Jansen wants to use the current high-times within the almond industry to “bullet-proof the co-op.” By that he means the company needs to now begin preparing for lean years that inevitably come as a result of normal business cycles. He intends to do this through developing a holistic business approach that he hopes will put Blue Diamond grower returns at least 10 cents per pound ahead of the rest of the almond industry.

The holistic approach he talks about will include a top-to-bottom look at everything from the grower to the consumer and how the company can improve its margins throughout the system. Jansen realizes it won’t be easy given that the company has already successfully trimmed wasteful operations and found new ways to become even more efficient.

This integrated look will factor in the entire supply chain, including transportation, warehousing, logistics and demand planning.

One large area where the company will continue to see its efficiencies improve is in the 200,000 square foot Turlock processing facility, which went online in 2013.

“We’ve built Turlock to be modular,” he said, meaning the facility can be expanded simply by moving walls with a crane and adding space to the facility.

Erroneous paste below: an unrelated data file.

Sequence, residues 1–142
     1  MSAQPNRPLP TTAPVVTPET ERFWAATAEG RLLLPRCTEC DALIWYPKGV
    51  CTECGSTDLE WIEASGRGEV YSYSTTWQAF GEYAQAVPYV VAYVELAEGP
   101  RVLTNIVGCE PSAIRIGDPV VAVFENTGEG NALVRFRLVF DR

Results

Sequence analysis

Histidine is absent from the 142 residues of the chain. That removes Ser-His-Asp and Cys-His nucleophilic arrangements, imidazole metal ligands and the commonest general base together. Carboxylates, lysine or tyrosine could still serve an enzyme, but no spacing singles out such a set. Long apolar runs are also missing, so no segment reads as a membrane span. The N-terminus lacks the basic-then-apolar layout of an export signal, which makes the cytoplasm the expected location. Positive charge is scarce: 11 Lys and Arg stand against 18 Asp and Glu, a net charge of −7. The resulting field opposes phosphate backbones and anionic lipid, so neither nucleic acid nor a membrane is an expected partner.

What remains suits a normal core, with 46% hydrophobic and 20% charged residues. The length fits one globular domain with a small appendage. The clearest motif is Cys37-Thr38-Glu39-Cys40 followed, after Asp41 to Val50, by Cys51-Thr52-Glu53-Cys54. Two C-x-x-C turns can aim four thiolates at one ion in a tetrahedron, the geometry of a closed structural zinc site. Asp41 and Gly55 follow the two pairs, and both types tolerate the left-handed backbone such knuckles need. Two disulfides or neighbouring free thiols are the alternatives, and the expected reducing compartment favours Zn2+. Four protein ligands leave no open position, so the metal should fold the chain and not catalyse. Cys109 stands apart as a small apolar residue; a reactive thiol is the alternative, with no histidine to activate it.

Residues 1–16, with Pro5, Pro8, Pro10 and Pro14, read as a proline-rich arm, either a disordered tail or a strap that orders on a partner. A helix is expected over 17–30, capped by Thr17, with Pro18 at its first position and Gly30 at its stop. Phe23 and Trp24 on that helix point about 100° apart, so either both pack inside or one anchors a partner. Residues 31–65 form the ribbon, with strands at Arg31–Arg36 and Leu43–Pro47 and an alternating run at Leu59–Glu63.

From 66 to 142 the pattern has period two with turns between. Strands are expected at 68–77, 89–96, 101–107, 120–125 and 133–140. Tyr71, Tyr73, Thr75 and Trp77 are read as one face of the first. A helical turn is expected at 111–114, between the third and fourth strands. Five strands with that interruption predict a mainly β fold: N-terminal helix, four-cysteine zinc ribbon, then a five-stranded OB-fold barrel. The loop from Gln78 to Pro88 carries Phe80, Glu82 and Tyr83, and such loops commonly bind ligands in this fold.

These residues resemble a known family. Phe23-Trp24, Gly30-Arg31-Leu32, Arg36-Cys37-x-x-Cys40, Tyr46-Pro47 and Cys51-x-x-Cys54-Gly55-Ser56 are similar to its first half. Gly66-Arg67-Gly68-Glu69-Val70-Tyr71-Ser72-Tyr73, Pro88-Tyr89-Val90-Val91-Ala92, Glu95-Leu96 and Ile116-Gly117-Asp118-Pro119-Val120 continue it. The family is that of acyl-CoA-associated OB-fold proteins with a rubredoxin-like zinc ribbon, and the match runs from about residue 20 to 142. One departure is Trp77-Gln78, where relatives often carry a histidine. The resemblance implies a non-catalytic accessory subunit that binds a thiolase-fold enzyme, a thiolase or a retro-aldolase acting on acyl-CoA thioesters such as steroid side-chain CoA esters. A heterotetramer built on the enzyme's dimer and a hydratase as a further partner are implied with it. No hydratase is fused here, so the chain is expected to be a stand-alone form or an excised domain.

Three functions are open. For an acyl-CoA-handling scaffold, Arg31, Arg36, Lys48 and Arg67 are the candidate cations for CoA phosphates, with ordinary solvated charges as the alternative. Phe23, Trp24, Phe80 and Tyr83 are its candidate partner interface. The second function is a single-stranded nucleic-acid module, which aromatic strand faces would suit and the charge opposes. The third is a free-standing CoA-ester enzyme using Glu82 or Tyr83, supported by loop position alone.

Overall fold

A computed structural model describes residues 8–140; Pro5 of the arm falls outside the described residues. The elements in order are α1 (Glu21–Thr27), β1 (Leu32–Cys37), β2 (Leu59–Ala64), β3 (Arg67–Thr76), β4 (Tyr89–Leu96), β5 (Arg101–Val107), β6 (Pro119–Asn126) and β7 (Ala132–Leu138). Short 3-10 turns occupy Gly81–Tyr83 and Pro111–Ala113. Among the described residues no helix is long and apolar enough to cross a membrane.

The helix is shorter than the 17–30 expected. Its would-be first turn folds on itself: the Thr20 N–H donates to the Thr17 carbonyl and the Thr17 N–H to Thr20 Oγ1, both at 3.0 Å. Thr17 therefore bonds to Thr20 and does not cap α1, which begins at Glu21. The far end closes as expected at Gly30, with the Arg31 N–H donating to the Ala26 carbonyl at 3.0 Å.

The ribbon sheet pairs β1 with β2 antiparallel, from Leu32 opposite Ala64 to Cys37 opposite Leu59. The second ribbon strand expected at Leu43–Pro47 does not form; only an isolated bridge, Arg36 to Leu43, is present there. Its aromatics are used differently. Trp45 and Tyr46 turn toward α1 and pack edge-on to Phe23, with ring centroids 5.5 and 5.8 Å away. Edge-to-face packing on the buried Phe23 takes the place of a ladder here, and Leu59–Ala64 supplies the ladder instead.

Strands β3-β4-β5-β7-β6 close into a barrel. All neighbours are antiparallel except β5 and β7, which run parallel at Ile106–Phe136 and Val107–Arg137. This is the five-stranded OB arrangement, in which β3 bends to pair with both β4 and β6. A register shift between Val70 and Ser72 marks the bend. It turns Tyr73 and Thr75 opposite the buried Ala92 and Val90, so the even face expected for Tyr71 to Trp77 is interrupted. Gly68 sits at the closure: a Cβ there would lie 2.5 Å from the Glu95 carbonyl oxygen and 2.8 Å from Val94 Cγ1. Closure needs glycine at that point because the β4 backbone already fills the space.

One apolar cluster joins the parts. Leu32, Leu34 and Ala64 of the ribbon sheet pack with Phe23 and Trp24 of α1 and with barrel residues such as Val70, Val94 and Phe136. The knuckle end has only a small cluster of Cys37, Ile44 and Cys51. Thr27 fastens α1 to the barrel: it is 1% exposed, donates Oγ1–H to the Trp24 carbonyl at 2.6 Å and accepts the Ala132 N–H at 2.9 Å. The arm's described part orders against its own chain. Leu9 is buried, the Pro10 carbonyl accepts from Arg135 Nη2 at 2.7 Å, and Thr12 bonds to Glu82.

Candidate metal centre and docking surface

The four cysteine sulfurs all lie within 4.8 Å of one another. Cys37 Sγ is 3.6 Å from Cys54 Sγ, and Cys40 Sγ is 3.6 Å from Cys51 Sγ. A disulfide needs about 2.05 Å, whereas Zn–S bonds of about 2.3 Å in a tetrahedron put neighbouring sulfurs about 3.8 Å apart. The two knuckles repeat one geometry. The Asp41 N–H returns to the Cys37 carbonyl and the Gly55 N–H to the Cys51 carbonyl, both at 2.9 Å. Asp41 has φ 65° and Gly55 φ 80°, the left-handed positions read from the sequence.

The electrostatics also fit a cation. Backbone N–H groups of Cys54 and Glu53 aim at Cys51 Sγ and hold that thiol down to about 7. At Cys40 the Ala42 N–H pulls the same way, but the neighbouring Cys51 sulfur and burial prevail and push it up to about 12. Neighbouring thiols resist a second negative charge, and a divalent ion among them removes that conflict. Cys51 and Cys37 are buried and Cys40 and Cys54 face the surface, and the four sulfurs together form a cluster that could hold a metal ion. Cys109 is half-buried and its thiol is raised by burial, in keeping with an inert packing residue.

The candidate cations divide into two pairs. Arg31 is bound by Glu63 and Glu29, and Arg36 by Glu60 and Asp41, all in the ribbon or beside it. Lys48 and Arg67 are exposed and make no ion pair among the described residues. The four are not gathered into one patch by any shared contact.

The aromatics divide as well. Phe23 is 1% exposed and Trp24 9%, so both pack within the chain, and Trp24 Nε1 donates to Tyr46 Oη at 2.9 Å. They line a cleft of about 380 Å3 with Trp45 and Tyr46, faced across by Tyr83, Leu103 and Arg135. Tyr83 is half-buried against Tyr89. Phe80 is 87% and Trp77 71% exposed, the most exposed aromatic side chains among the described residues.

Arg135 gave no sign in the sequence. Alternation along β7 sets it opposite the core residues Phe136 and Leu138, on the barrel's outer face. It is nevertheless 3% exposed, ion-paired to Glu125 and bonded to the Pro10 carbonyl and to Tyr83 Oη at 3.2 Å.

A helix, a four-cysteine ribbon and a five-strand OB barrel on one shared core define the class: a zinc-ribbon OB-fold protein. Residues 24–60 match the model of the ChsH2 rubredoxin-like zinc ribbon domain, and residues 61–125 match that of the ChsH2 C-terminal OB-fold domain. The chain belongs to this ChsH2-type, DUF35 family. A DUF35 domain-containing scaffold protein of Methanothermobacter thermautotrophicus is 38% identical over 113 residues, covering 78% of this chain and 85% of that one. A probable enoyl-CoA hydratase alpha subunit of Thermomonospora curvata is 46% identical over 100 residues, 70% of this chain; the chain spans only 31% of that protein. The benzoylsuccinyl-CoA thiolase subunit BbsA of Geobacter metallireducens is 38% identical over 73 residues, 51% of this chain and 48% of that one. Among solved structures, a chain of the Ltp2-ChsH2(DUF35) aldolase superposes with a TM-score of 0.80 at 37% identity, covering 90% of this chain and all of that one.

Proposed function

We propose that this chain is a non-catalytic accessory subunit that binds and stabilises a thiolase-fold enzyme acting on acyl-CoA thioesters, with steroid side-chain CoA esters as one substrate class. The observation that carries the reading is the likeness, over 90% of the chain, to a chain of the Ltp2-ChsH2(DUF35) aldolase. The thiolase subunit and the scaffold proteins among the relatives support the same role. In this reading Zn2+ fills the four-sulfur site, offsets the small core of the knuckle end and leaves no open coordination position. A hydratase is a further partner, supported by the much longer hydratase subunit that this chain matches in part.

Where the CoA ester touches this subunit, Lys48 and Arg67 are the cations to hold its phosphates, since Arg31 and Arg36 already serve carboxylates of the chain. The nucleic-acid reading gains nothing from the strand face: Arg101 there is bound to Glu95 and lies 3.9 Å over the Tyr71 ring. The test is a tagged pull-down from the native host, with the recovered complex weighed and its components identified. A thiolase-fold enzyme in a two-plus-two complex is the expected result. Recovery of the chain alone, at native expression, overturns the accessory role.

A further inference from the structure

“You should be prepared for the economic benefits of this facility to continue to grow,” he told growers in December.

Consumption of Blue Diamond almonds continues to grow, particularly where consumer advertising is being employed, Jansen said. In the four markets where consumer advertising was increased last year, a marked increase in product consumption was seen. Shipment growth in 2012-1013 grew by 8 percent in the United States, 8 percent in the United Kingdom, 7 percent in Japan and 40 percent in Australia, he said.

Conversely, Asian countries where Blue Diamond does not yet advertise saw 5 percent decreases in sales.

“We’re still working our way into other markets around the globe,” Jansen said. “But the trajectory is there to continue our growth.”